The Coming of the Varr

Mankind has spread throughout the stars and the distances between civilizations are so great that they seldom come into conflict.  Within one star cluster, where people have made the tradeoff between the hard radiation of many suns and the relative ease of transport between solar systems, one culture has begun to show the first signs of dissolution.  There is great wealth; there is great poverty.  There are machines, slaves, bondspeople, and gene-engineered organisms to serve those who can afford to buy.

Litjin Varriel is fortunate in having been born to wealth, and even more so in having discipline and talent, varrielso that his days and nights are full of absorbing things.  The years pass and his childhood friends have gone their ways while he has made no others.  He is so deeply absorbed in his work and so surrounded by care and ease he scarcely notices.  He is a gene-engineer and many of the biological devices that make life so pleasant are his designs.  He is wealthy beyond the dreams of people who dream of wealth.

But the time comes when he has matured and would like the companionship of others occasionally.  He seeks out old friends to find that even those who are not spoiled by indolence bore him with their insipid lives.  Varriel turns to the people he has consulted through the years.  They are either as self-absorbed as he was until he began to feel his years or have become little different from his childhood friends who have never done anything but enjoy themselves.

Standing in the great dome of his house, high above the city that covers most of his world, he looks out and what he sees and thinks do not please him.  It is in this mood, tempting hubris, that he begins to make a creature to be a companion to himself.  He is, by practice and law, limited to using only raw materials, no natural or synthetic gene sequences, although the thing he seeks is humaniform but not human.

Skillful though he is, his first attempts are crude, yet imbued with personality.  They amuse him: he keeps them.  Gradually he allows them to assist him in his efforts, and, step by step, what he creates becomes intelligent, interesting, and self-willed.  Without ever considering the matter, they become his equals, his companions.  He can foresee that in the end it may be he who serves their purposes as much they his.  He is not so fond of his fellow humans that he regrets this challenge to their complacency.

Yet, though gravely ill, he looks at what he has done and is deeply troubled.  There is no place for these creatures on this world or any other he knows.  They are not machines or slaves, to be disposed of as part of his estate, nor bondspeople, to be freed to make their own way.  By law his genetic creations have no rights.  He worries, as it has never occurred to him to worry before, about what has happened and what might happen to all he has created.  Most of all he worries about his companions, young in truth and young as a species.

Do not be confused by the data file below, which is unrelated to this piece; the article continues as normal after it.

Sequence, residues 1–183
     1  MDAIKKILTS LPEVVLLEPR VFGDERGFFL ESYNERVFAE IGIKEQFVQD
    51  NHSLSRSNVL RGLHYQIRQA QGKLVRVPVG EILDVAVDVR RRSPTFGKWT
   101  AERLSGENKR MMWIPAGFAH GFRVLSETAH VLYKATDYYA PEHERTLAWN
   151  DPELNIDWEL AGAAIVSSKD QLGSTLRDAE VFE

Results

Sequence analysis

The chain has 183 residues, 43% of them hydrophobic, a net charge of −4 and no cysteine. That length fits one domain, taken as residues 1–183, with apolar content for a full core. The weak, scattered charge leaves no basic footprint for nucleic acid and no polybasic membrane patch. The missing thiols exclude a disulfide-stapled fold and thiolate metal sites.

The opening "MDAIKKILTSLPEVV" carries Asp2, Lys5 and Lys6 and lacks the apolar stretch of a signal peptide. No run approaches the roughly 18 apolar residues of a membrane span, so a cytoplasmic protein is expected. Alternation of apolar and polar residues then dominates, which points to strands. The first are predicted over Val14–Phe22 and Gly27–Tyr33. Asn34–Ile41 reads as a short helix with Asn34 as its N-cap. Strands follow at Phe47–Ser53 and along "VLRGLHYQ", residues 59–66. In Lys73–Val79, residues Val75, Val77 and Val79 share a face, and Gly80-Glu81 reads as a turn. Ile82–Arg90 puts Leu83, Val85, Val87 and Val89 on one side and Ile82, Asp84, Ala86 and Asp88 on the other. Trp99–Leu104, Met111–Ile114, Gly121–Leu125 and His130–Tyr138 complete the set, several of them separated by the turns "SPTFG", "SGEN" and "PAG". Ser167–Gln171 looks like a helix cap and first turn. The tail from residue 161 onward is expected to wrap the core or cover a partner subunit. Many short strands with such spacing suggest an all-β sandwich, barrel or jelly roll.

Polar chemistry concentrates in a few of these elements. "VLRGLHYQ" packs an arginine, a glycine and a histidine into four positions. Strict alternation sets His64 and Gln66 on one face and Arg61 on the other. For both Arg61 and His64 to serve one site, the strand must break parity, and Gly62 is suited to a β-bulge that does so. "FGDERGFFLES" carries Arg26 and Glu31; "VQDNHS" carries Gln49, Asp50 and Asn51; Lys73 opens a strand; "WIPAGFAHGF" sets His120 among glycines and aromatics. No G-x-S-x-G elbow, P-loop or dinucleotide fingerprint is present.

Dying of multiple cancers, not an extraordinary fate because of the intense radiation of the star cluster his world is in, he buys a ship, supplies, and loads the unmen and the few objects he holds dear.  In flight, he converts the rest of his property to cash.  This does not attract as much attention as he fears, for the Erenine, the hospital he is going to, is renowned quite as much for its expense as for the distinguished names among its patients.

He, himself, his companions, and the hospital are able to buy him time but not health.  As he dies, his creations, who have begun to call themselves varr, escape with him to his ship.  His life ends among creatures and things he has loved, but the varr's adventures have barely begun.  They are beings without rights in control of a valuable ship, possibly a danger and certainly a prize.

A danger, indeed, for they, like their creator, are skilled gene-engineers, and they begin to manipulate their universe.  Varriel may have guessed but had avoided knowing that the varr are, in their alien way, more intelligent than humans.  Certainly they are equipped to be skillful at governing both people and themselves.  They flee successfully into the void beyond the cluster, where their knowledge grows as do their numbers.

In time they are forgotten, for they are long-lived and secretive.  One by one people are drawn to them, varrand soon the humans accompanying the varr outnumber the synthetic aliens themselves.  They form a vast fleet, constantly in need of energy, air, water, and food, despite careful recycling.  Driven by their dependents' need, the varr begin to terraform worlds at the far edge of the cluster, taking what mankind has never wanted.  They build eco-systems for whole worlds and design tailored organisms to do things humanity does by machine.  Eventually, the varr achieve a unity of purpose and a level of civilization unknown to Litjin Varriel's world.

But their very success, makes them a reproach and a challenge to human governments.  In what may be its finest hour in the history known to them, humanity within the cluster rises to war upon the varr, to exterminate the aliens.  They kill by every method known to them, without sparing those humans deluded enough to have taken the varr as leaders, yet they lose.  Both empires are damaged by the intense struggle and begin slow declines.  The scattered free colonies wink out of existence, one by one, unable to support the long-range ships necessary to bring the freight they need to survive.

It is at this time of change that a carefully tailored varr child is created. Ancient Empires is his story.

small Ancient

To see a sketch by Paul McCall of the viewpoint character
for the first part of Ancient Empires,
go to Gerlac.

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